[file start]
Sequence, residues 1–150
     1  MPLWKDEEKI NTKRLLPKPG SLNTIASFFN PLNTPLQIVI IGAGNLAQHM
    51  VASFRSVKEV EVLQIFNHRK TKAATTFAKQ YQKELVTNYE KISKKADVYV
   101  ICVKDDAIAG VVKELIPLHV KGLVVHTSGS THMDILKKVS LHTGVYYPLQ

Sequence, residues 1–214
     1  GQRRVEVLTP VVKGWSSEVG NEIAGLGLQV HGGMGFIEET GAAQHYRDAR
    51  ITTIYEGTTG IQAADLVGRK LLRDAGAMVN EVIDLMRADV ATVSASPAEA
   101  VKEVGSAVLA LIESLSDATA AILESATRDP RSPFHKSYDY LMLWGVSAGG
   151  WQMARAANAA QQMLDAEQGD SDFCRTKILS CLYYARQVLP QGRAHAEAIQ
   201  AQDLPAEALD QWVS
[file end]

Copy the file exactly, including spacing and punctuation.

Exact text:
Sequence, residues 1–150
     1  MPLWKDEEKI NTKRLLPKPG SLNTIASFFN PLNTPLQIVI IGAGNLAQHM
    51  VASFRSVKEV EVLQIFNHRK TKAATTFAKQ YQKELVTNYE KISKKADVYV
   101  ICVKDDAIAG VVKELIPLHV KGLVVHTSGS THMDILKKVS LHTGVYYPLQ

Sequence, residues 1–214
     1  GQRRVEVLTP VVKGWSSEVG NEIAGLGLQV HGGMGFIEET GAAQHYRDAR
    51  ITTIYEGTTG IQAADLVGRK LLRDAGAMVN EVIDLMRADV ATVSASPAEA
   101  VKEVGSAVLA LIESLSDATA AILESATRDP RSPFHKSYDY LMLWGVSAGG
   151  WQMARAANAA QQMLDAEQGD SDFCRTKILS CLYYARQVLP QGRAHAEAIQ
   201  AQDLPAEALD QWVS